Yes. An organization should want as much redundancy as possible. But not everything can be anticipated. It's impossible if for no other reason than there is still room for human error. Your suggestion would be the same as making claims that a hospital is disaster proof. Many pieces of medical equipment have batteries that will power up to 6 hours of operation on top of whatever the hospital's generator is capable of (which is why, as a floor nurse, I was so particular about keeping my equipment/pumps etc plugged in unless transporting a patient).

    I think there are a lot of factors here to consider. It's not just the hospital's fault. Natural disasters happen, which is why those events are called disasters. Part of a discussion we should be having in the US is the state of our infrastructure. Much of our nation's infrastructure is pieced together like a patchwork quilt, and only ever updated to meet the bare minimum needs for functionality. I have worked primarily in state/public/community hospitals. There needs to be an investment in this nation's future made to public services of all kinds.

    The thing about reality is, sometimes the best that can be done is the best that can be done. Situations we don't anticipate will happen, extraordinary things will happen no matter what. If not natural disasters then some type of man made situation would happen - it will always be something. All we (and our employers) can control is our response to it, and that we act in the best interests of our consumers/patients/families. Some days that's going to be all we can do in this profession.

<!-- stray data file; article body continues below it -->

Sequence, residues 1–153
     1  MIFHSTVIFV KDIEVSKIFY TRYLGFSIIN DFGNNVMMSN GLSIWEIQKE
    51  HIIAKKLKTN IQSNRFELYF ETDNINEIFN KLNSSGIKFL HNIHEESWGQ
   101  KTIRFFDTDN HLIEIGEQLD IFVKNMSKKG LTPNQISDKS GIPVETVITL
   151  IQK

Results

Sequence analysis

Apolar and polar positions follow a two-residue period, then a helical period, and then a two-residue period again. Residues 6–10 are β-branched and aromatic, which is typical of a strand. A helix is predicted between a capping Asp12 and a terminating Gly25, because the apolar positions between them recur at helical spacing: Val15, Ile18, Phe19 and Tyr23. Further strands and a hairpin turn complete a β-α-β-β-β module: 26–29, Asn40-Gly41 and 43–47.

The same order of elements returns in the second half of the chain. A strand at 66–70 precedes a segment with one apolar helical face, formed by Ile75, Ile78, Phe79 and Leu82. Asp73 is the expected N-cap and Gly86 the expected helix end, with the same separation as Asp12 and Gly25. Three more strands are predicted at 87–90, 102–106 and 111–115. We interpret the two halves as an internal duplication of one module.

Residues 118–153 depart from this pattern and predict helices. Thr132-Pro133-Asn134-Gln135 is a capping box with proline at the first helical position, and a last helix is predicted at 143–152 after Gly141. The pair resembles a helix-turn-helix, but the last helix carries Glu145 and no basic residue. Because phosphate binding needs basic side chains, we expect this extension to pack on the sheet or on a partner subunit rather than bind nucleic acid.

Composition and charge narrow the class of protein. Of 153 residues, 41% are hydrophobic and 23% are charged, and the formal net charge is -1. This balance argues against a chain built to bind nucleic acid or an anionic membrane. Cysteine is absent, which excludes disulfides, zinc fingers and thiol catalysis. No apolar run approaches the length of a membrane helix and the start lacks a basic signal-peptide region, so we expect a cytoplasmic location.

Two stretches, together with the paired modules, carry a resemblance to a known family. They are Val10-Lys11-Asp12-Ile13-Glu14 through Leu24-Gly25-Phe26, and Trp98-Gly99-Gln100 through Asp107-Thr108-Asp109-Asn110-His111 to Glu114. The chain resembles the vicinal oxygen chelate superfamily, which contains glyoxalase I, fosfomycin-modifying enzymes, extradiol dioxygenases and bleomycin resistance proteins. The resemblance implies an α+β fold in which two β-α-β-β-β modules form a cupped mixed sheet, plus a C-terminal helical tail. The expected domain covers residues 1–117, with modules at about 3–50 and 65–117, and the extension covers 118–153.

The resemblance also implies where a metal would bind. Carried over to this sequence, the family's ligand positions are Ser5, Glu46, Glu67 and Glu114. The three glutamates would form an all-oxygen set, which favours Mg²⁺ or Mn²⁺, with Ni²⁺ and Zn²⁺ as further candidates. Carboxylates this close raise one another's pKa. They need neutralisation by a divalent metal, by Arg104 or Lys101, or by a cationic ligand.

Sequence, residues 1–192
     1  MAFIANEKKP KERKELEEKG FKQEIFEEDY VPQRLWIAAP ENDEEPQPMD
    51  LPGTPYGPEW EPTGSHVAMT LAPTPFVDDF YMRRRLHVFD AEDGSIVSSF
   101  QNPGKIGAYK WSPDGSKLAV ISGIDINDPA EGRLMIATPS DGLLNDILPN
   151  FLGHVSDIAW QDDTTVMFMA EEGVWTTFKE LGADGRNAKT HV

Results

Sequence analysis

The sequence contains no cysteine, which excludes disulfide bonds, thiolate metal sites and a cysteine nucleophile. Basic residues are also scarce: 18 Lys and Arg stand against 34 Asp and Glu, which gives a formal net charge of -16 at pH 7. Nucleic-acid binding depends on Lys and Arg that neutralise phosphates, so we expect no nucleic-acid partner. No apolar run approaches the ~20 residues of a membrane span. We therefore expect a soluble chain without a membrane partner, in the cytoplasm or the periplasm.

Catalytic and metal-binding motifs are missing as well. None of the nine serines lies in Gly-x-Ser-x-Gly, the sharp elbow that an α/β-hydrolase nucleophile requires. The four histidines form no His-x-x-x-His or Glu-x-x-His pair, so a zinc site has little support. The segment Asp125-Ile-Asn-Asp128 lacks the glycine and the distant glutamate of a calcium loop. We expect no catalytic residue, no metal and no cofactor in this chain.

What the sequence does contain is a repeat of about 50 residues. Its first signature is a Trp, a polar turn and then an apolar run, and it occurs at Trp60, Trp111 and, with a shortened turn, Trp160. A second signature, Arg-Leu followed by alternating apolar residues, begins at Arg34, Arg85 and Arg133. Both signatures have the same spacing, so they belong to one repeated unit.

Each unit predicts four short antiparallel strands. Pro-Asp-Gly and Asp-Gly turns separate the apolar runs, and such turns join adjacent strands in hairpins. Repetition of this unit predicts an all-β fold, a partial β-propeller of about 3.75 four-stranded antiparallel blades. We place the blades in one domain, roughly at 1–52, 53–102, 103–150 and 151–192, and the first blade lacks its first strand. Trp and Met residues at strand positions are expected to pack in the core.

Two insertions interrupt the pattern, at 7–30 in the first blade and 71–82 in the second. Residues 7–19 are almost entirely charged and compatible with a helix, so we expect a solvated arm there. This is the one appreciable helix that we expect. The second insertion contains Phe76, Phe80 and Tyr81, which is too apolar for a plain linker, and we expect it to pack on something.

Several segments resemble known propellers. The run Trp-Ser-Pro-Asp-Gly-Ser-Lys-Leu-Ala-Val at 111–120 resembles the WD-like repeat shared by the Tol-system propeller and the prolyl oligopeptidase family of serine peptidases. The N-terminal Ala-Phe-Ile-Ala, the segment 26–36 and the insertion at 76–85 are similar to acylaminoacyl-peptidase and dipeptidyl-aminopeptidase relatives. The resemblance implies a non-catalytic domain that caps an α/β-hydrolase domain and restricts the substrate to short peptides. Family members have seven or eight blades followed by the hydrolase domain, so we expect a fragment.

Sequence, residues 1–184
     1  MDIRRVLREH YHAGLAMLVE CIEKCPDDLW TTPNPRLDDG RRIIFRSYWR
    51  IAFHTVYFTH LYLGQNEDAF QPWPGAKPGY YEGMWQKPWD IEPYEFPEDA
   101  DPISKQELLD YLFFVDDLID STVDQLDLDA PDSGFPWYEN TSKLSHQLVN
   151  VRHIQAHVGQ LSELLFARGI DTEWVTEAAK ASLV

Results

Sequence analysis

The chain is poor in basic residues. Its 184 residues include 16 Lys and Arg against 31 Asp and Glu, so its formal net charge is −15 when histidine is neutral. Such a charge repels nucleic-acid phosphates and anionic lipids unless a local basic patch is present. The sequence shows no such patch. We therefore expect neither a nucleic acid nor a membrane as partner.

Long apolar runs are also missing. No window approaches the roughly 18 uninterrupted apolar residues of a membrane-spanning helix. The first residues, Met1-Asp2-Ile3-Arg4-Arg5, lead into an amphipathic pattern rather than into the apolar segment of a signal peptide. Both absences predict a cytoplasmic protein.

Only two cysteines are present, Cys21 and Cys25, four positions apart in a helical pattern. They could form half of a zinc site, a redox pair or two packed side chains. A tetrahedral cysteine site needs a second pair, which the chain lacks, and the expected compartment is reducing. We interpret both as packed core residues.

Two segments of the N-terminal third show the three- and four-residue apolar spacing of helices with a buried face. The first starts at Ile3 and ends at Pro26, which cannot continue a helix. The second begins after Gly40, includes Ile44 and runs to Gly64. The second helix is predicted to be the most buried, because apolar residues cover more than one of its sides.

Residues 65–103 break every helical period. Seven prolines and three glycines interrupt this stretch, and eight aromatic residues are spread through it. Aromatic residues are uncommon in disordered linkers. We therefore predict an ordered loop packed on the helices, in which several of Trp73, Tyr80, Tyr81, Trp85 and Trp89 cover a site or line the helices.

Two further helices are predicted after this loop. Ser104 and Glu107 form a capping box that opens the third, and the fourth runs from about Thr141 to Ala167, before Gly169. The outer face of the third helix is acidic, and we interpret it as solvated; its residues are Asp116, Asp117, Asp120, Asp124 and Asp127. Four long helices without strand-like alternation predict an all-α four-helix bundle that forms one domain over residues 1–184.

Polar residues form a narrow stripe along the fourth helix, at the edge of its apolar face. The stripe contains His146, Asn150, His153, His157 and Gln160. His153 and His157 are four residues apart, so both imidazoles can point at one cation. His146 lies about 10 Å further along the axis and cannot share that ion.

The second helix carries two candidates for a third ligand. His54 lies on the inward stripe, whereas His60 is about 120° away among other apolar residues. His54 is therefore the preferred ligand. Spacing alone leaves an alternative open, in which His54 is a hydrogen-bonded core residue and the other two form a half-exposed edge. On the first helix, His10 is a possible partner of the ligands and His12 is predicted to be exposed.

JeanettePNP, anotherone, herring_RN, and 2 others like this.
  14. Visit  Ruby Vee profile page
    3
    Quote from Bill Levinson
    A hospital needs to have a RELIABLE source of backup power for emergencies. It's not like if you lose the power to your home (I did for about 16 hours) where all that is at risk are your groceries unless you can get ice and dry ice to keep them cold. We are talking about life-critical equipment, plus the need to move seriously ill people to another location. Somebody needs to find out why the backup generator failed. If it's not reliable, then they need two backup generators (parallel system reliability.) (Disclaimer: Does not constitute formal engineering advice.)
    I'm quite certain that the hospital in question believed they had a reliable source of backup power for emergencies. Sandy was an anomaly -- a hurricane, a nor'easter AND a blizzard. No one could have predicted a storm like that -- it was a real of nature.

    Instead of bashing the hospital, why not take a moment to reflect on the awesomeness of the staff who managed to transfer all of those sick patients to other facilities, and then pitched in to care for them there?
    anotherone, herring_RN, and Rose_Queen like this.